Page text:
"We have seen some evidence that there is a possibility of some life on Mars in the past, so there is probably life all over the universe," astronaut Mark Kelly told a news conference in Tokyo on Tuesday, where he was joined by other members of the Discovery crew.
"From our experience, it is very difficult to travel through space, and I personally think aliens have not visited our planet."
The Discovery delivered Japan's Kibo orbital laboratory to the International Space Station in June. Kelly described the $1 billion (502 million pound), 32-ton module as a "Lexus of a space station" where everything worked perfectly.
"Certainly like a Japanese car, Kibo was very well-made," he said. "It is going to be the premier laboratory of the space station for many years to come."
Japan, the last of the 16-nation partnership to get its hardware in space, is expected to complete the three-part lab next year.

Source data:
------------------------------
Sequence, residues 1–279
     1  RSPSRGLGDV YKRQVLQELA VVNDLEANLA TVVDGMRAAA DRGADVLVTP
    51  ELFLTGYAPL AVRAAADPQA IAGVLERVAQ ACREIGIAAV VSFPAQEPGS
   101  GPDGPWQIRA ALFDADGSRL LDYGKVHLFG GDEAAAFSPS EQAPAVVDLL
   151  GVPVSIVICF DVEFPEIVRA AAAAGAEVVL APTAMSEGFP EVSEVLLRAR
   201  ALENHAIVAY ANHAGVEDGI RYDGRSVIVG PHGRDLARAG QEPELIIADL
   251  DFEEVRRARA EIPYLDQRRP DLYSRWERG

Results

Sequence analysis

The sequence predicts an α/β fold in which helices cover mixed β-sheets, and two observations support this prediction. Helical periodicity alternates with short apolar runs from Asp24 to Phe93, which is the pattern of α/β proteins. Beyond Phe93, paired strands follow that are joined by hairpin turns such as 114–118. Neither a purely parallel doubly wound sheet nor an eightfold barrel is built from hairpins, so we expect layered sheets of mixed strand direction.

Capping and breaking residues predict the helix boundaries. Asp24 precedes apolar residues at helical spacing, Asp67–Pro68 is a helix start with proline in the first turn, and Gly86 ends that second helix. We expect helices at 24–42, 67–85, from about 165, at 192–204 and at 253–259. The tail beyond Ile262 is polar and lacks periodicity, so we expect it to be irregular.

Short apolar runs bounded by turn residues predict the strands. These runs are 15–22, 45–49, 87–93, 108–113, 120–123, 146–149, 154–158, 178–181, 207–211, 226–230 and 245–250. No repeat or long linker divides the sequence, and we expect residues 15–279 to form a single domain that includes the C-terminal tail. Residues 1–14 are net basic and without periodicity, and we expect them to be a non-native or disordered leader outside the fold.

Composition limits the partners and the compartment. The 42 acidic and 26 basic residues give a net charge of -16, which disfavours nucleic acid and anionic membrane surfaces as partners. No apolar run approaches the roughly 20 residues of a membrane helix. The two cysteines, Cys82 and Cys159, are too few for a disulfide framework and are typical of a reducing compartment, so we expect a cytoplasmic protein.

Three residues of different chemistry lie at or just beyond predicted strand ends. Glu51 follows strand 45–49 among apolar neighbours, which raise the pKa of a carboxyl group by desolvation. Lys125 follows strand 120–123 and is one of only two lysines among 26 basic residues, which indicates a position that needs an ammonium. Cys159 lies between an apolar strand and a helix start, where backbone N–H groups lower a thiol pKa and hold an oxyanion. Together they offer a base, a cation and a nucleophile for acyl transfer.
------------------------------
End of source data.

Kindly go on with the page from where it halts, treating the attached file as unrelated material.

Japanese astronaut Akihiko Hoshide - whose name means "Go to the stars" - was part of the eight-member team.
"Fourteen days was a short time," Hoshide told the same news conference. "I wish I could have stayed longer."
During their mission, the crew successfully conducted three spacewalks to hook up the new lab, work on the station's cooling system and fix a problem that was hampering a pair of solar wing panels from tracking the sun for power.
Back on earth, some are more interested in the possible existence of alien life than the lab's scientific experiments.
Kelly's comments add to a lively Japanese debate over aliens and UFOs. Japanese politicians discussed the possible existence of flying saucers late last year after an opposition lawmaker brought up the topic in parliament. Chief Cabinet Secretary Nobutaka Machimura said he personally believed in UFOs, but Prime Minister Yasuo Fukuda was more cautious, saying their existence had yet to be confirmed.